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Skirmish at Pearson's (Pierson's) Creek

Confederate General Sterling PriceWhile headquartered in Springfield, Missouri, Major General Sterling Price found out that the Federals had occupied Lebanon, Missouri, just 55 miles from Springfield. Price began sending dispatches to Brigadier General James M. McIntosh in Fort Smith, Arkansas and to Confederate General Louis HebertColonel Louis Hebert in Fayetteville, Arkansas warning them of the Federal's approach. McIntosh, who was in charge while McCulloch was in Richmond, Virginia, felt it unlikely that the Federals would wage a campaign during the winter. He decided to take a wait and see approach. This, of course, did not please Price. As the Federals continued to move towards Springfield, Missouri, Price warned about abandoning Springfield and would continue to send increasingly frantic dispatches south. McCulloch returned from Richmond on February 5th and supported McIntosh's decision regarding support for Price.

Union General Samuel CurtisBy February 12, 1862, Union Brigadier General Samuel R. Curtis had reached Pearson's (Pierson's) Creek which was about eight miles northeast of Springfield, Missouri. Now Price was certain that he had to abandon Springfield to the Federals. To cover his withdrawal, Price sent the First Missouri Cavalry under the command of Colonel Elijah Gates northeast towards Pearson's (Pierson's) Creek. Curtis had established pickets about a mile and a half forward of his main army. There was a brief skirmish. Once the Federals brought their mountain howitzers into action, Gates issued orders to fall back to Springfield. Major William D. Bowen, commanding the Missouri Cavalry Battalion, reported his troop's involvement:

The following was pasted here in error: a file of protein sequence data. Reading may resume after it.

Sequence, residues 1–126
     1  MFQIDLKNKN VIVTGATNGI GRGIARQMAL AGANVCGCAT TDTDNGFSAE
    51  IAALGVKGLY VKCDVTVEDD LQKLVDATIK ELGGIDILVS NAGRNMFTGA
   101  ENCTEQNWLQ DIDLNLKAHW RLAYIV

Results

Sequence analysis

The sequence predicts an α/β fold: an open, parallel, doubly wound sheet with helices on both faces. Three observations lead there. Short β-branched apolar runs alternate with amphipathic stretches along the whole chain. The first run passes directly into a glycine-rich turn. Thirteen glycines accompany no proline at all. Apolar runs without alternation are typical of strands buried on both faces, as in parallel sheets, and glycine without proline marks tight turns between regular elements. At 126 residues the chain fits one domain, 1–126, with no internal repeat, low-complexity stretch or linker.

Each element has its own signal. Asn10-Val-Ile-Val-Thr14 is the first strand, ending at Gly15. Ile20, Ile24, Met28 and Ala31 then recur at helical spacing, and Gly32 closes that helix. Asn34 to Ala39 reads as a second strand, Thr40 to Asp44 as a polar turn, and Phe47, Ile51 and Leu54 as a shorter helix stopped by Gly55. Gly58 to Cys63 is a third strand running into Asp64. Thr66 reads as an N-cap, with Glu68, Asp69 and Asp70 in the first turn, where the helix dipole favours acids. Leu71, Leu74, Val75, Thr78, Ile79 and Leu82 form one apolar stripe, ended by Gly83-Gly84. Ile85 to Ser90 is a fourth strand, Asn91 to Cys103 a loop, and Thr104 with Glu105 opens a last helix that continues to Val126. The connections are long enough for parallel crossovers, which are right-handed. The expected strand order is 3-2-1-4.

“On the 12th instant our advance saw and fired on the enemy's pickets. My command was ordered to the front, which was rapidly gained, when I immediately opened with the howitzers on a heavy picket of the enemy, concealed partially from view by the thick brush. After two rounds the rebels disappeared.”

On February 13, 1862, Price had his army well south of Springfield. Curtis approached cautiously, but soon discovered that Price had abandoned Springfield. The Federal Army of the Southwest occupied Springfield, Missouri on the morning of February 13th.

Union General Franz SigelCurtis was not satisfied and was eager to continue his pursuit of Price's Army. In the evening, Curtis held a meeting with his senior officers to determine his next steps. Brigadier General Franz Sigel proposed a division of the army into two wings. Curtis would take the 3rd and 4th Divisions down the Wire Road while Sigel would take the 1st and 2nd Divisions around through Little York. Sigel argued that he could flank the retreating Southerners and trap them a McDowell, Missouri. Once again Sigel wanted to attempt a complicated maneuver that had failed at Wilson's Creek. Even though it was a risky proposal, Curtis approved it.

On February 14th, Sigel went on his flanking movement and Curtis set off down the Wire Road in pursuit of Price. Weather conditions were awful and progress was slow. Sigel, who had the longer route, did not seem to show a sense of urgency, even though his plan required his two divisions to reach McDowell, Missouri before Price got there. The plan would be further compromised by a misunderstanding between Curtis and the commander of the cavalry regiment that was screening Curtis's movement.


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